OJ: the suits, the Bronco, and, oh yeah, the trial

"So far OJ hasn't missed a minute of the proceedings in court," said Sue Ellicot on Sunday night, fronting The Trial of OJ Simpson, BBC2's helpful condensation of the story so far. Crikey, I thought, I would hope not. I mean if he's bored by all this stuff what hope for the rest of us? Even OJ, though, couldn't be expected to absorb all of the astonishing fringe festival of expertise that the trial has generated. CNN is best at this, occasionally delivering the equivalent of ball-by-ball commentary on the unfolding action. ("Jim, nice move from Marcia Clarke there. She's put the defence on the back foot?" "Absolutely, Tom, perfectly timed objection and Johnny Cochran wasn't ready for it. He's going to have to work his way out of this.") It would be nice if the State of California team could be described as The Offense, but that little detail apart it's often indistinguishable from the Superbowl.

The BBC has made a sensible decision with its weekly update on the trial, realising that you either watch everything (and get sucked into the addictive minutiae of American jurisprudence) or you take the highlights only. So, even though they are compressing five days taping into 50 minutes, they still find time to get outside the courtroom. OJ Simpson may display some of David Letterman's "10 signs that you have been watching too much Court TV" (sign eight in particular - "you have an overpowering urge to pay people to lie for you") but television viewers here aren't in any imminent danger. This weekend, for example, you were offered relief from the People's suit against OJ Simpson by a brief report on OJ's suit itself - apparently he leaves prison in fatigues (cue helicopter footage of man entering minibus) but is allowed to gussy up before he enters court (cue footage of Robert Shapiro, the world's most expensive valet, carrying a suit on a coat-hanger).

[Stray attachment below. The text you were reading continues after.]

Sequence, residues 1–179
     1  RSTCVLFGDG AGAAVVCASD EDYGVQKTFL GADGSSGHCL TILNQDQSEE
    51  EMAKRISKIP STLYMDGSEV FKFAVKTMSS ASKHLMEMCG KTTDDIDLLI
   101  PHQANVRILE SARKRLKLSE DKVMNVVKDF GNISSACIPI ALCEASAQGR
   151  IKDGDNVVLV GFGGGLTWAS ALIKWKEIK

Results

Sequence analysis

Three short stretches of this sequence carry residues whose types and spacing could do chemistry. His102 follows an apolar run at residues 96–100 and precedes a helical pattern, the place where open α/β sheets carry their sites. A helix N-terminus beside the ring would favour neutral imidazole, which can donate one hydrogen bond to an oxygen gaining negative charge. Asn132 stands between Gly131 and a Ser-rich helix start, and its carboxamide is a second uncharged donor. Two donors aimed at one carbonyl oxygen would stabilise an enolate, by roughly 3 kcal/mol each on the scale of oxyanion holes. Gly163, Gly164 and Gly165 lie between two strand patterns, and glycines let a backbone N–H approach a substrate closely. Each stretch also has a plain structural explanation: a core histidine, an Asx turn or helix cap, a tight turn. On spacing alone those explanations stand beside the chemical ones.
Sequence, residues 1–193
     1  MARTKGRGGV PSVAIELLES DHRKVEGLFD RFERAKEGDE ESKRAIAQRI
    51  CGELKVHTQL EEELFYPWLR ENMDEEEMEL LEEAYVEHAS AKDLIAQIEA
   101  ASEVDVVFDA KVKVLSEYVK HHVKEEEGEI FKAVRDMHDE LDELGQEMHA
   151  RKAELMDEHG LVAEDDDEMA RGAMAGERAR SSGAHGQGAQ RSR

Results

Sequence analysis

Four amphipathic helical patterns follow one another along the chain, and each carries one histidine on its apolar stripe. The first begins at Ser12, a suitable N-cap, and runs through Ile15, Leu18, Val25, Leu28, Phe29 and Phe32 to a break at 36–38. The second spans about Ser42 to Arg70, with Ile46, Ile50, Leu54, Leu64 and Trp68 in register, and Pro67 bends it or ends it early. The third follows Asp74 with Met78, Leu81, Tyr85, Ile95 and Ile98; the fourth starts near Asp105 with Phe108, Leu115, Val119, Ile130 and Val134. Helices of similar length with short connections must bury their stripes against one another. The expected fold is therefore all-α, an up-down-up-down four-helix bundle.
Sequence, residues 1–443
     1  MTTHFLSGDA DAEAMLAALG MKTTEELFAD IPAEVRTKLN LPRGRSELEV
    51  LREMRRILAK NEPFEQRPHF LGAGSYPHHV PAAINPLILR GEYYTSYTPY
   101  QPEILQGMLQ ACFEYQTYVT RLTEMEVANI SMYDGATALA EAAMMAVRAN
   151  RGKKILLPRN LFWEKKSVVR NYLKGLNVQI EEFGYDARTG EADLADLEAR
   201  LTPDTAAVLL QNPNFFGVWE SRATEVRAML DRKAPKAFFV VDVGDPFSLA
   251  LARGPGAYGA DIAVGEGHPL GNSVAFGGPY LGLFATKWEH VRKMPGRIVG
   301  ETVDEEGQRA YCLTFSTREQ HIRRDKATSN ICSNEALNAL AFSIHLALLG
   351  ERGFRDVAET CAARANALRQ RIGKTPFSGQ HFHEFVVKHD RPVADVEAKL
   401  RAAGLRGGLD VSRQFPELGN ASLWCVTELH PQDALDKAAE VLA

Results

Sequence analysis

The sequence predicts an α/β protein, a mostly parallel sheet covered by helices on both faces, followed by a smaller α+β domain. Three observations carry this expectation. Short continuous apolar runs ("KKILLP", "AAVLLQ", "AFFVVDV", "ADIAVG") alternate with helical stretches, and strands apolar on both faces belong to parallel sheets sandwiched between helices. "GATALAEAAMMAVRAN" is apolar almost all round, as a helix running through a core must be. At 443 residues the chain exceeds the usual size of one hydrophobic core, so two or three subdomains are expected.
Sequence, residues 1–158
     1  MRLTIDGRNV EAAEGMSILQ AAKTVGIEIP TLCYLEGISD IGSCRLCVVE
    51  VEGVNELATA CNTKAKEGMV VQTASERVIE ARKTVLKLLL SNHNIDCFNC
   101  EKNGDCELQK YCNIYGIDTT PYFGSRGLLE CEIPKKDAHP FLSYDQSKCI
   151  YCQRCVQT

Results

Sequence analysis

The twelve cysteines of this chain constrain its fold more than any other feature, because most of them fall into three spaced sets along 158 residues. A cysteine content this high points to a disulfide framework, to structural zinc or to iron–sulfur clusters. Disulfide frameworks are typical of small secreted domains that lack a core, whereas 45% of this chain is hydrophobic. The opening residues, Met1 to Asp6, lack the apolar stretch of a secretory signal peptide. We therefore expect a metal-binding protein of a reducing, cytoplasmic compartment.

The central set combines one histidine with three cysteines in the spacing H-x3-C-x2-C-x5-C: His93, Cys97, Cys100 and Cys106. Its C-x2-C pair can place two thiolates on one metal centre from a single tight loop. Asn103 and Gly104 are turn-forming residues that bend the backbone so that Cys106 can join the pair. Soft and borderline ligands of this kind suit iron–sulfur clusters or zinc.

Usefully, for a weekly programme, the prosecution has a powerful interest in leaving the jury with a weekend cliffhanger. This week was a humdinger - Mark Ferman, the police officer who found the bloody glove in OJ's grounds and whom the defence hope to prove is a racist, ended the proceedings by holding up a large shovel. This had been found in the boot of OJ's white Bronco, along with a very large plastic bag. Way too big for a poop- scoop, you thought, mind racing wildly on such elementary conundrums as: "How long would it take a former running back to dig a hole 3ft by 6ft by 3ft?"